Marine Fish Toxins in Thailand: Report of 6 Suspected Ciguatera Cases


Food poisoning or gastroenteritis is a common diagnosis for individuals who have nausea, vomiting and diarrhea after ingestion of fish. When also manifesting neurological symptoms, these are blamed on puffer fish poisoning, but ciguatera fish poisoning (CFP) can also manifest only with gastroenteritis, without neurological complications and remain undiagnosed. We report patients who fulfilled criteria of CFP suffering from severe GI disturbances, neurological manifestations, compromised cardiovascular status and autonomic dysfunction. All recovered within 1 - 3 days with supportive treatment. There were two small outbreaks: one in Bangkok in 2007 (2 patients) and another (2009) in Phuket (4 patients). All patients consumed the same unidentified fish portion and had severe GI symptoms. One had acute ventilatory failure requiring intubation whereas the remaining had neurological disturbances consisting of paresthesia, severe vertigo and ataxia. Absence of reflex tachycardia was noted in all patients who had severe volume depletion and shock. The most severe patient could be extubated within 24 hours and was discharged in 48 hours. All of the remaining recovered completely within 48 hours. Severe abdominal pain, nausea and vomiting and autonomic dysfunction in the form of bradycardia in the presence of hypotension were seen. Dramatic recovery within 48 hours occurred in all cases. None of the fish considered to have been responsible was available for testing. Physicians should be aware of CFP intoxication in the differential diagnosis of gastroenteritis-like syndromes after eating seafood.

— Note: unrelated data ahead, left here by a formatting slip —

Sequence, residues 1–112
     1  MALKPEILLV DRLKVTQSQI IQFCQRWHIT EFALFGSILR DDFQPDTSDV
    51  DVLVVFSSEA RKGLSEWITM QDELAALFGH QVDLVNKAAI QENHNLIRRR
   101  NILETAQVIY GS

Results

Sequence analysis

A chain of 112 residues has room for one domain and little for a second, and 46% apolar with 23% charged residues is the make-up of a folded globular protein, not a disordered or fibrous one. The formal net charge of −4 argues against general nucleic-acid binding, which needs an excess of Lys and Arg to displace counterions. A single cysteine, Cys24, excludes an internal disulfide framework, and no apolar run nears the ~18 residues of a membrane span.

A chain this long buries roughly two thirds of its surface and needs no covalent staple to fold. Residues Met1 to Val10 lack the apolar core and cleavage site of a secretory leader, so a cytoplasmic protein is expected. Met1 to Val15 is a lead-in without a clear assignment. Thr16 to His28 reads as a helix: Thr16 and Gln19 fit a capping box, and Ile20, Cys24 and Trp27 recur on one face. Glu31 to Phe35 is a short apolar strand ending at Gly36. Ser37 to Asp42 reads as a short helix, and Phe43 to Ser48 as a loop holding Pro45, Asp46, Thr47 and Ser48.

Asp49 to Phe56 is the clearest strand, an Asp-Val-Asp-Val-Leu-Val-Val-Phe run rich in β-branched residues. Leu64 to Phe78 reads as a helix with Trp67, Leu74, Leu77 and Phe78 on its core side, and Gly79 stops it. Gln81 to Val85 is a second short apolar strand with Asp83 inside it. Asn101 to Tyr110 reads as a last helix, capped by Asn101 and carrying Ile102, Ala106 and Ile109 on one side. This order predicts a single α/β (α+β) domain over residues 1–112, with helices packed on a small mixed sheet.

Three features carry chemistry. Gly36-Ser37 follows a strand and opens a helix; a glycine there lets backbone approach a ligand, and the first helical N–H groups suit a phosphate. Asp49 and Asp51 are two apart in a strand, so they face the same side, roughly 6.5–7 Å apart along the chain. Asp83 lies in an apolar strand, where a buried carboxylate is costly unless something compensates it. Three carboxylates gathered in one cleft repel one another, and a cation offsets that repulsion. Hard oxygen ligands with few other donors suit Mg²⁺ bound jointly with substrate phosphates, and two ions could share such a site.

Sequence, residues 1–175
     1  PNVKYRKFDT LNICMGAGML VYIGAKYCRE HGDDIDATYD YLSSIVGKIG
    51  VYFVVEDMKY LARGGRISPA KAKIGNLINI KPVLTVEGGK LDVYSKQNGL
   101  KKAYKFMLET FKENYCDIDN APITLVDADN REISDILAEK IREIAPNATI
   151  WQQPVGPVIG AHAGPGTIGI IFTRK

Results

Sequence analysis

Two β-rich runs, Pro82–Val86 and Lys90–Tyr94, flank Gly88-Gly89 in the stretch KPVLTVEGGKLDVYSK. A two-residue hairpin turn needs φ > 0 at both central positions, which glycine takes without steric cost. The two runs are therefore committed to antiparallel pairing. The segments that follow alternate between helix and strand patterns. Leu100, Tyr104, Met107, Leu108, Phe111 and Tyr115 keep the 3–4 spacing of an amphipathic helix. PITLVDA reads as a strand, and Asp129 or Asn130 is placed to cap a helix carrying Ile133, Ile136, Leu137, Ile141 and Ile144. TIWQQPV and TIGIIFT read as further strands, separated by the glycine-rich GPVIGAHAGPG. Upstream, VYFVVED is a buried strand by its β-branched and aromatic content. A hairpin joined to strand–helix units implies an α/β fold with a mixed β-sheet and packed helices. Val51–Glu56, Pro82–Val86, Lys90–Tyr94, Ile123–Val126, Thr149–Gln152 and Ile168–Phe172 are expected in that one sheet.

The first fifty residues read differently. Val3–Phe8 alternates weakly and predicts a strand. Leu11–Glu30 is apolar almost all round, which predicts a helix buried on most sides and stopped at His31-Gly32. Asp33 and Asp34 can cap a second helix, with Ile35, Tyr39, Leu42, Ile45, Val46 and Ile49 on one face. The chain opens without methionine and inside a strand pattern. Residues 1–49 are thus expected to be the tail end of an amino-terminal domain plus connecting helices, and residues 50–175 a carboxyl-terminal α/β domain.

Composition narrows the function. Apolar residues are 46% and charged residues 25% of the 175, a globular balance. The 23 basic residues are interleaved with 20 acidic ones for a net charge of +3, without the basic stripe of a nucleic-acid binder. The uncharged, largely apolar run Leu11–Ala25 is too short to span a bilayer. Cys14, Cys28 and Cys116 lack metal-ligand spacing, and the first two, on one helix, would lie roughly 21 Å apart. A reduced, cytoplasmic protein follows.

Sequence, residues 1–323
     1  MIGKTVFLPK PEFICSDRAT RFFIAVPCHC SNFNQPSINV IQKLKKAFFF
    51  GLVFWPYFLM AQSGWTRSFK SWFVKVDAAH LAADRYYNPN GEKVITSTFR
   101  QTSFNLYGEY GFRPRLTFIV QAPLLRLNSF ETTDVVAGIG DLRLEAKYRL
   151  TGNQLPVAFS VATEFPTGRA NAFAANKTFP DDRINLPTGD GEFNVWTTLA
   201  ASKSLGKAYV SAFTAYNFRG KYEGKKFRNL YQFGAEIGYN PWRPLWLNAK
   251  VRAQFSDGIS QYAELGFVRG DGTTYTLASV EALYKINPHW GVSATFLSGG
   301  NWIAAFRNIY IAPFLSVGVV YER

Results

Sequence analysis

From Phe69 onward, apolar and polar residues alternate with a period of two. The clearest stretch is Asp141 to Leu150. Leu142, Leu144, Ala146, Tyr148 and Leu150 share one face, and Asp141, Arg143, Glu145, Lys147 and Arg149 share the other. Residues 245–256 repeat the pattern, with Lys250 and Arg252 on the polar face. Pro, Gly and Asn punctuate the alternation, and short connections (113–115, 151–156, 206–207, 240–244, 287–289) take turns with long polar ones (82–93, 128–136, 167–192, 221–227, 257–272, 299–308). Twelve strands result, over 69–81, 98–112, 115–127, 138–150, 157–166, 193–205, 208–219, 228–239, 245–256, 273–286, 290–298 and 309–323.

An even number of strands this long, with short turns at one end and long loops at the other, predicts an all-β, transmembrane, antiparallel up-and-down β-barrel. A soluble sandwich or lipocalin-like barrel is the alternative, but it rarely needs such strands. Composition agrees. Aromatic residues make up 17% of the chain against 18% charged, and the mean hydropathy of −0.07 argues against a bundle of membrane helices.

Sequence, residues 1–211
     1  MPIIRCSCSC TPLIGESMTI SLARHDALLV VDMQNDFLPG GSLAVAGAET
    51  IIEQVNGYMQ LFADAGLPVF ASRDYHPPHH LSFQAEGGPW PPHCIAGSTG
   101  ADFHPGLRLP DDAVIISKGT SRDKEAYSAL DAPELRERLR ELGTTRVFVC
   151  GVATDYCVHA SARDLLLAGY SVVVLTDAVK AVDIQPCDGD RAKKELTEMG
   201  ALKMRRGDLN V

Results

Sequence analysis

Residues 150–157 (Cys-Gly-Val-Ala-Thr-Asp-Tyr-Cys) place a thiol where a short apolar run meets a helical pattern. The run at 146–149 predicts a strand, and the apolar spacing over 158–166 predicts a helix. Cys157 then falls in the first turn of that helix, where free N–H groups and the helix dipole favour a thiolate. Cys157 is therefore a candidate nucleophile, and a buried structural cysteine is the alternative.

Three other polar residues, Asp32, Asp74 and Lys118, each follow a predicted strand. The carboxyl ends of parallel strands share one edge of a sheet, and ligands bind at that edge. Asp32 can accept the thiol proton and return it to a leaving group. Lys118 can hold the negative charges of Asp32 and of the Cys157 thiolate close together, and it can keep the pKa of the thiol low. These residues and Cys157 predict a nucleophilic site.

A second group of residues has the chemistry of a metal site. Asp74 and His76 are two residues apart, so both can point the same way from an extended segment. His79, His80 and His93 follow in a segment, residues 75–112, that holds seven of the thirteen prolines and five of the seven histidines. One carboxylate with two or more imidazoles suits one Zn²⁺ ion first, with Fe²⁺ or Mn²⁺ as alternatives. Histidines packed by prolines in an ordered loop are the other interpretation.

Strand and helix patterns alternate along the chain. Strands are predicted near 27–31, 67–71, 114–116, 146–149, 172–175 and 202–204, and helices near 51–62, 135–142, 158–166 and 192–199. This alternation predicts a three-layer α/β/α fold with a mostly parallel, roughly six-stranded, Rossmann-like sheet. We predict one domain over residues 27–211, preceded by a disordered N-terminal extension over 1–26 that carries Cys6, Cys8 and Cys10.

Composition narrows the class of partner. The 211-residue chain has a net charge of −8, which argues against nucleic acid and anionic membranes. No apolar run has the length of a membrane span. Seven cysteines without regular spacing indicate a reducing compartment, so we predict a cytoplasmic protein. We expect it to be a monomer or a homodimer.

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Saraya, A. , Sintunawa, C. , Wacharapluesadee, S. , Swangpun, K. , Dumrongchua, S. , Wilde, H. and Hemachudha, T. (2014) Marine Fish Toxins in Thailand: Report of 6 Suspected Ciguatera Cases. Case Reports in Clinical Medicine, 3, 286-292. doi: 10.4236/crcm.2014.35065.

Conflicts of Interest

The authors declare no conflicts of interest.


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